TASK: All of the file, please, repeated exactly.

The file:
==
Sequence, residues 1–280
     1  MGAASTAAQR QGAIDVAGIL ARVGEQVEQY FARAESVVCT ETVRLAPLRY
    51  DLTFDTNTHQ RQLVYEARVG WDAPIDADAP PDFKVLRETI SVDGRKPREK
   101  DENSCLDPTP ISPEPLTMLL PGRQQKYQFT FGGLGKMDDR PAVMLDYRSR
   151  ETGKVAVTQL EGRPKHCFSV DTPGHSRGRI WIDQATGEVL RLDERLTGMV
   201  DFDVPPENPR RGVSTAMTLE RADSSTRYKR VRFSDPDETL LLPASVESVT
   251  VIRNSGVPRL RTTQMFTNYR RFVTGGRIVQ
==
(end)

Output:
Sequence, residues 1–280
     1  MGAASTAAQR QGAIDVAGIL ARVGEQVEQY FARAESVVCT ETVRLAPLRY
    51  DLTFDTNTHQ RQLVYEARVG WDAPIDADAP PDFKVLRETI SVDGRKPREK
   101  DENSCLDPTP ISPEPLTMLL PGRQQKYQFT FGGLGKMDDR PAVMLDYRSR
   151  ETGKVAVTQL EGRPKHCFSV DTPGHSRGRI WIDQATGEVL RLDERLTGMV
   201  DFDVPPENPR RGVSTAMTLE RADSSTRYKR VRFSDPDETL LLPASVESVT
   251  VIRNSGVPRL RTTQMFTNYR RFVTGGRIVQ